Marwell Zoo celebrates birth of tiny antelope

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Marwell Zoo has a tiny new arrival – a Kirk’s dik-dik calf.

And the little antelope is already winning guests over with big black eyes and a wiggly nose.

A spokesperson for the zoo saidL “We are thrilled to have welcomed a second tiny dik-dik calf to Marwell Zoo, a sibling for Mdalasini who was born in March this year. Mdalasini was the first Kirk’s dik-dik ever to have been born at Marwell so the arrival of a sibling and playmate is a great achievement for our team.

“We have developed their habitat over the past year to make it more suitable for the species and the new arrivals are a great reward. Our newest little arrival was born to mother, Caramel and father, Jos on Tuesday September 9th.

“The youngster and its mother were initially left to bond behind the scenes but are now enjoying their habitat with the rest of the group. These tiny antelope are native to Africa where they thrive in arid savanna habitats, riverine woodland and rocky hills.”

A Marwell Animal Keeper said: “We knew mum was expecting and she was close to her due date, but for the calf to be born out on the hardstand was a surprise to our animal team and the rest of the Kirk’s dik-dik.  It’s settled in well with the rest of the group and has been seen spending time with mum Caramel and sister Mdalasini throughout the habitat. When they are young they take themselves to sit in safe places around the habitat to rest. It’s a welcome addition to the group.”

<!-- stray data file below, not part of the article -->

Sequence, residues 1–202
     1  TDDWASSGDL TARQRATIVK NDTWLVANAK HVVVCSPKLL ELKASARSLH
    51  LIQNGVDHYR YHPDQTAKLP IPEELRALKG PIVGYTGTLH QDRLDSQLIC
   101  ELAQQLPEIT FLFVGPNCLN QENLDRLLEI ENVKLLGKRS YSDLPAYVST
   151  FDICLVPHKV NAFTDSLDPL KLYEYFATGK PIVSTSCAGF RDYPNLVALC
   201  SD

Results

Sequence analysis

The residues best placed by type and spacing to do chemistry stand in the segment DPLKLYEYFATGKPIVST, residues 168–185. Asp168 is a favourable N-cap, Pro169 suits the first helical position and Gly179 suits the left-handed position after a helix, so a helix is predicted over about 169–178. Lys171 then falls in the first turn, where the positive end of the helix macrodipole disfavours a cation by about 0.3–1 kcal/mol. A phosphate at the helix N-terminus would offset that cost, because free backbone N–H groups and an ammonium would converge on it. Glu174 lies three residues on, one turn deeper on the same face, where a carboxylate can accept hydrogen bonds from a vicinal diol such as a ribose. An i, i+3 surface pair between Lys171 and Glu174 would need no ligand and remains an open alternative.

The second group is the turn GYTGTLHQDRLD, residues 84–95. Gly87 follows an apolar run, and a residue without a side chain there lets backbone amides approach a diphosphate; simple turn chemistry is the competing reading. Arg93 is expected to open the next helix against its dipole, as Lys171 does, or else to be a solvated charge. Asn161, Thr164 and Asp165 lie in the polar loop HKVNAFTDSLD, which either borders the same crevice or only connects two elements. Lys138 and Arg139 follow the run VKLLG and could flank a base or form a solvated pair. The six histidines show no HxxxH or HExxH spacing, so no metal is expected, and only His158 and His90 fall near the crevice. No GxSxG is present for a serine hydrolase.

Kirk’s dik-dik can be found in Kenya, Tanzania and Namibia and are currently listed on the International Union for the Conservation of Nature (IUCN) Red List as Least Concern.

With its large eyes and ears, the species is one of the smallest in the antelope family and are named dik-dik after the alarm call “zik-zik” they make when threatened.

They are active during the day and night, alternating between resting and feeding. They typically seek shade during the hottest part of the day and can survive without drinking water at all.

Dik-diks have a particularly long nose which helps them keep cool in hot, arid habitats. It enables them to effectively recycle the water most mammals lose through their lungs when breathing.

They are known to run in a zig-zag pattern to avoid predators such as leopards, cheetahs, jackals, African Wild dogs, lions and eagles. Dik-diks are known to mark their territory with a tar like substance produced by their eyes! They also scent mark using glands in their hooves.

Did you know?

  • When fully grown, Dik-dik typically weigh around 4kg around the same as a European Hare, domestic cat or slightly less than Humboldt penguin.
  • Females can give birth twice a year as gestation is 180 days
  • When disturbed dik-dik freeze.  The male will slowly move his head to locate the danger.
  • They can run up to 26mph!
  • In the wild, females leave their calves hidden for safety and return several times during the day to feed them. They only spend one hour per 24 hours with their offspring.
  • Dik-dik eat trees and shrub leaves, stems, twigs, buds, flowers, seed pods and fruit. Acacia is a particular favourite.

Photo: Helen Pinchin

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